Section 4 provides for an order compelling arbitration only when the federal district court would have jurisdiction over a suit on the underlying dispute; hence, there must be diversity of citizenship or some other independent basis for federal jurisdiction before the order can issue. E.g., Commercial Metals Co. v. Balfour, Guthrie, & Co., 577 F.2d 264, 268-69 (5th Cir.1978), and cases cited. Section 3 likewise limits the federal courts to the extent that a federal court cannot stay a suit pending before it unless there is such a suit in existence.

Id.; see also Southland Corp. v. Keating, 465 U.S. 1, 15 n. 9, 104 S.Ct. 852, 861 n. 9, 79 L.Ed.2d 1 (1984) (stating that, in light of language of sections 3 and 4, the FAA "does not create any independent federal-question jurisdiction under 28 U.S.C. § 1331 or otherwise"). 8

Federal courts consistently have applied the Moses H. Cone analysis of sections 3 and 4 to other provisions of the FAA, as well. Thus, even though several sections of the FAA authorize particular actions by the United States district court, see 9 U.S.C. §§ 7,9-11, 9 "courts have not construed these references to the United States district court

Page 1470

as intending to confer federal court jurisdiction, but rather as specifying the powers possessed by the court in a case that is properly before it." Drexel Burnham Lambert, Inc. v. Valenzuela Bock, 696 F.Supp. 957, 961 (S.D.N.Y.1988) (citing 9 U.S.C. §§ 7,9-11); see also Giangrande v. Shearson Lehman / E.F. Hutton, 803 F.Supp. 464, 470 (D.Mass.1992) (reviewing cases and concluding that sections 7, 9, 10, and 11 "have not been understood to confer jurisdiction on federal courts").

For example, courts have held that actions brought in federal court to confirm arbitration awards pursuant to section 9 of the FAA 10 must demonstrate independent grounds of federal subject matter jurisdiction. As the Ninth Circuit reasoned, to hold that section 9 confers subject matter jurisdiction would present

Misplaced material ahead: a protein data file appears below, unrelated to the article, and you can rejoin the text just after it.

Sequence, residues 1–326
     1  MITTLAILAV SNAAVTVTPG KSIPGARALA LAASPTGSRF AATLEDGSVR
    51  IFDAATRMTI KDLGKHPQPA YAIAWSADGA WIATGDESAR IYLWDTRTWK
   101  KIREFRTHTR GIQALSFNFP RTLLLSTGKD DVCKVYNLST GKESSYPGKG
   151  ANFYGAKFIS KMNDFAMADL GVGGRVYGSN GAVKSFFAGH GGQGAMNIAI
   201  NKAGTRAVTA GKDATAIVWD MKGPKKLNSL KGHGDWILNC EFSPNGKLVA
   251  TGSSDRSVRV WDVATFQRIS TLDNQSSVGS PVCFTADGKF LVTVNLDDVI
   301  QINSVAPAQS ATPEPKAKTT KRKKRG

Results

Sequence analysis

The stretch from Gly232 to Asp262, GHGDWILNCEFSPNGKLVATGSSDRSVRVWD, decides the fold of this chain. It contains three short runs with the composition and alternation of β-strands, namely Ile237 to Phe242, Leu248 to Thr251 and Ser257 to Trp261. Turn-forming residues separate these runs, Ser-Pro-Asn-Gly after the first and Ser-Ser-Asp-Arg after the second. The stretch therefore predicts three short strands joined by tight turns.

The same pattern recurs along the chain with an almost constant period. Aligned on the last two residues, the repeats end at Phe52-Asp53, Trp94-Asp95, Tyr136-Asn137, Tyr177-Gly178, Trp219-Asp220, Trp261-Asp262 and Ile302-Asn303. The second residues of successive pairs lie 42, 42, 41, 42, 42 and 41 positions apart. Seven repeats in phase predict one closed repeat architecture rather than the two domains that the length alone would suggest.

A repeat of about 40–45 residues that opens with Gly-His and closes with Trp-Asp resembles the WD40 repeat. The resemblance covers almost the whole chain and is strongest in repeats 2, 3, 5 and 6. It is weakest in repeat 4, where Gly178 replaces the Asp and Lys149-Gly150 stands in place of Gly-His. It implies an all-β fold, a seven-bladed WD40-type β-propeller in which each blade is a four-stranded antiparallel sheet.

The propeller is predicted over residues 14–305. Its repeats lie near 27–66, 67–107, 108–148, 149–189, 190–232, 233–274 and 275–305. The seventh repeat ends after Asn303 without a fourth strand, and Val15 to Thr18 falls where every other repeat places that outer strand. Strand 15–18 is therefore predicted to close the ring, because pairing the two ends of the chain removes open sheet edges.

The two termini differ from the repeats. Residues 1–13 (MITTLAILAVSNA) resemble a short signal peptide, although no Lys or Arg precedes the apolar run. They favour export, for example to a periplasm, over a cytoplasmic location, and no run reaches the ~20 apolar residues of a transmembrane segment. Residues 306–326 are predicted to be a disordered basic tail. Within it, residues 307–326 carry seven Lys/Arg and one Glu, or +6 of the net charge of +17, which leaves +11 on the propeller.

a significant possibility of eviscerating the clear limits on federal jurisdiction contained in sections 3 and 4. [Such an] expansive interpretation would mean, for example, that a district court lacking jurisdiction to compel arbitration under section 4 might nonetheless threaten to confirm a subsequent ex parte award under section 9. Such a threat would have a substantial compulsory effect. We cannot approve an interpretation which would achieve by indirection that which Congress has clearly forbidden.

General Atomic Co. v. United Nuclear Corp., 655 F.2d 968, 969 (9th Cir.1981), cert. denied, 455 U.S. 948, 102 S.Ct. 1449, 71 L.Ed.2d 662 (1982); see also id. at 970 (adopting district court opinion, which stated in part, "Section 9 does not contain language common to jurisdictional grants, and to require independent jurisdictional grounds under other sections and not under Section 9 renders the Act a 'patchwork of individual statutes bereft of any coherent plan.' ") (citing 13B Charles Alan Wright, Arthur R. Miller & Edward H. Cooper, Federal Practice and Procedure, § 3569 at 467-70 (1975)). Many other federal courts, 11 including the Eleventh Circuit, 12 also have concluded that section 9 is not a statutory grant of federal...

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  • Welch v. Pen Air Fed. Credit Union, CIVIL ACTION NO. 18-00220-B
    • United States
    • United States District Courts. 11th Circuit. United States District Court of Southern District of Alabama
    • September 25, 2019